Influencer Marketing – How to Avoid Disasters

Influencer Marketing – How to Avoid Disasters


You may have heard of influencer marketing, or perhaps even used it to promote your own brand. And it’s no wonder; a Nielsen Catalina study in 2015 found influencer marketing to have 11 times the ROI of a standard digital campaign. Another study found that influencer marketing provided $6.50 back for every $1 spent. The word is out: influencer marketing works.

When Influencer Marketing Goes Wrong

Despite the success stories and positive studies, things can still go very, very wrong. Youth culture is notoriously fickle and many on social media can smell inauthenticity a mile away. Nor are they shy about calling people and companies out, which can cause enormous damage to both the influencers and the brands they champion. Take the example of Pepsi’s ill-advised campaign with Kendall Jenner. People felt that the company’s commercial (which it called a “short film”) featuring Jenner defusing a protest by giving a police officer a Pepsi, was making light of serious social issues, as well as the protests highlighting them, and trying to make a quick buck from it. Not surprisingly, the commercial tanked and both Pepsi and Jenner were subject to ridicule and scorn from the public.

Another influencer disaster occurred with blogger PewDiePie, aka Felix Kjellberg. Between 2013 and 2017, Felix was one of the most popular YouTubers of all time. Many brands partnered with him on the strength of his popularity and his platform. In February 2017, however, Kjellberg showcased an anti-Semitic video and made anti-Semitic jokes. Many people were upset, and YouTube removed him from its preferred list, which would impact the ad revenue he could earn from his videos. Disney also severed ties with him.

In May 2016, Boo Tea decided to work with Scott Disick, part of the famous Kardashian family. While Disick agreed to work with them, he also unfortunately decided to copy and paste the email in which the company detailed what it wanted him to say to his 18 million social media followers. Not only did this expose the marketing team’s efforts to get him to promote Boo Tea, it also raised questions about why celebrities don’t regularly disclose that they’ve been paid by using the appropriate hashtags (like #Ad or #Sponsored) or including other disclaimers as other influencers must.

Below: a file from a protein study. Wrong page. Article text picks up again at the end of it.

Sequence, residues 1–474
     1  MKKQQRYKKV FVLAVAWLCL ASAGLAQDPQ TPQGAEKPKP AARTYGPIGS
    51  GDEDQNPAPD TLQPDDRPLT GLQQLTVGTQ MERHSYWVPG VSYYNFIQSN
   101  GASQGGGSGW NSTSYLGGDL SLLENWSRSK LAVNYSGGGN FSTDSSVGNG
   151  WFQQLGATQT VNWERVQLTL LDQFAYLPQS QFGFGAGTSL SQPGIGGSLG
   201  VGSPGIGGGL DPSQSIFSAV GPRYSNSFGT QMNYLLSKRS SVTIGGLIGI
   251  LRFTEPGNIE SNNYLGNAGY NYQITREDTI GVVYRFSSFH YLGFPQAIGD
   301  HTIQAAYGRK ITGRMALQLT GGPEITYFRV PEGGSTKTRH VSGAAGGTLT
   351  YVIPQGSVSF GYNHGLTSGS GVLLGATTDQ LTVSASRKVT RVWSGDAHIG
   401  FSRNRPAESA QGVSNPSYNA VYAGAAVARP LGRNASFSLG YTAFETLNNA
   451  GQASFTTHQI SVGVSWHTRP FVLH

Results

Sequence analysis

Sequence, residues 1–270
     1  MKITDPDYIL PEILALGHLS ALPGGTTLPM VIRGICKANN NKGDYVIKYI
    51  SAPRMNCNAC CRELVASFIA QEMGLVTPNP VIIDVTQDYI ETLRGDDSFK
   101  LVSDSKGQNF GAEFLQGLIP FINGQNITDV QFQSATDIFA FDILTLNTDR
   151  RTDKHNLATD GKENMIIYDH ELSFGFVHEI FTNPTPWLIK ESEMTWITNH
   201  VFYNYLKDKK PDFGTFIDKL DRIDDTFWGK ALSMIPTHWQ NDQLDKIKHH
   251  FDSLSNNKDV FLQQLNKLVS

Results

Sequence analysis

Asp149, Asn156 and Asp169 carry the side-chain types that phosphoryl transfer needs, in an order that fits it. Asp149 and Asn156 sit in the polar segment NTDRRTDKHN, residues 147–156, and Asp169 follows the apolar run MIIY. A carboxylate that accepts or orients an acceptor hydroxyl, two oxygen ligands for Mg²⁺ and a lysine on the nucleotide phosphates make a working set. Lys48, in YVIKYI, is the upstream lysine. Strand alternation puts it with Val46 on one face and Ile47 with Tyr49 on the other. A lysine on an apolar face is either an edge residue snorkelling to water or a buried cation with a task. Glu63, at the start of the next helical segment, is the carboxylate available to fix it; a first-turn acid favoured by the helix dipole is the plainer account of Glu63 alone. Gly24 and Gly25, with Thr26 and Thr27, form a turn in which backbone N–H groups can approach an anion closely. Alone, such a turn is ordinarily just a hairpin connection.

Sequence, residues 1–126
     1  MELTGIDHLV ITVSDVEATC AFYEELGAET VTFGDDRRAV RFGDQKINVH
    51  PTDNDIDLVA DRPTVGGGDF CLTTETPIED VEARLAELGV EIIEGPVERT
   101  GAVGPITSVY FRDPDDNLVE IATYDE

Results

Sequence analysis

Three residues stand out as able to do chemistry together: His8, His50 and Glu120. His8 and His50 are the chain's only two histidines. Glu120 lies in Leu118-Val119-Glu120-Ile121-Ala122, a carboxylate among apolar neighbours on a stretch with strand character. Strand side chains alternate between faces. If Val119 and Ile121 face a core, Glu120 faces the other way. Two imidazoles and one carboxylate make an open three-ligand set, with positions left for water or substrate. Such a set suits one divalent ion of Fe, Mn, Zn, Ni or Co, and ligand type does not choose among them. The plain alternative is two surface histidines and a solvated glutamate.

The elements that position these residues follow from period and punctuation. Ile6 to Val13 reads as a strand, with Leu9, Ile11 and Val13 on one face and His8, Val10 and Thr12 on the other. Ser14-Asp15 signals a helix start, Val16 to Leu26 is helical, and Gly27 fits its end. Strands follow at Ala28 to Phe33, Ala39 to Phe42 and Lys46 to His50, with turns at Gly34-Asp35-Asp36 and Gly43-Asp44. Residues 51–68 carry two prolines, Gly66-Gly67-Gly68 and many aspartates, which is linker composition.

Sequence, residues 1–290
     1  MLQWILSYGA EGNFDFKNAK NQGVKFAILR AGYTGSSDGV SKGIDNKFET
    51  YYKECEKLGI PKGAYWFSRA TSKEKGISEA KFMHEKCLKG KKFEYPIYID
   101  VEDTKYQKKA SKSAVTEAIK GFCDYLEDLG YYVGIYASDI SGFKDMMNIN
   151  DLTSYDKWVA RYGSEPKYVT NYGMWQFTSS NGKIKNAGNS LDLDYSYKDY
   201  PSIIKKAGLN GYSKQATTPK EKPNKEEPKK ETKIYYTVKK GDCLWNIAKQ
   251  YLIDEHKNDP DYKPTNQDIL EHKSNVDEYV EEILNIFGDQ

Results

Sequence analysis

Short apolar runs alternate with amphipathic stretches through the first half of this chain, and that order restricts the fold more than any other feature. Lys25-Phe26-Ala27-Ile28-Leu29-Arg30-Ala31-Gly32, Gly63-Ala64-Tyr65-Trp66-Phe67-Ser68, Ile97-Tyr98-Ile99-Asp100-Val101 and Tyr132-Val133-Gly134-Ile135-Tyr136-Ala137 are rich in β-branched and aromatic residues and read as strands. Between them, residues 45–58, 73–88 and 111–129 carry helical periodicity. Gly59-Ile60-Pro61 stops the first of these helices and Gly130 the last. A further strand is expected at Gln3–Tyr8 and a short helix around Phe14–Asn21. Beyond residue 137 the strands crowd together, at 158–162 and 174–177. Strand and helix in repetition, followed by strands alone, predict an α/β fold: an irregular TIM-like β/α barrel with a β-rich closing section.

Choosing the Right Influencer

If you’re a brand looking for an influencer to work with, there are some things you must consider.

Relevance: While metrics are important, it’s also important that a blogger or influencer’s content also be aligned with the company’s brand messaging. You must do your homework and read through the influencer’s previous posts to get a sense of what kind of consumer they are, and how they represent the brands they work with. Are you looking for luxury-travelers? Fashion icons? “Mompreneurs”? Is it okay to have your influencer swear or otherwise be provocative in their posts? These things are much more important than the amount of traffic they pull in.

Engagement: Engagement shows the popularity of the influencer’s posts, and how well their audience responds to them. Do their readers respond, comment, and share? What percentage of readers are returning vs. new? How much readers engage with a publisher and how often they return are indications of how meaningful those relationships are.

Authenticity: This may seem counter-intuitive, but bloggers with a smaller ratio of sponsored content tend to be more trusted by their audience and appear more authentic. Personal stories that include genuine use or mention of a product, service, or brand are more trusted than straight product reviews or obvious “advertorial” content. Compelling and engaging stories also tend to get more shares and comments than deals and product reviews.

Influencer marketing is a rapidly-developing field of marketing, but brands and companies must be mindful of who they work with. The importance of protecting your brand and reputation is worth more than some quick social media impressions, especially the wrong kind.


Nezha Boutamine | Staff Writer


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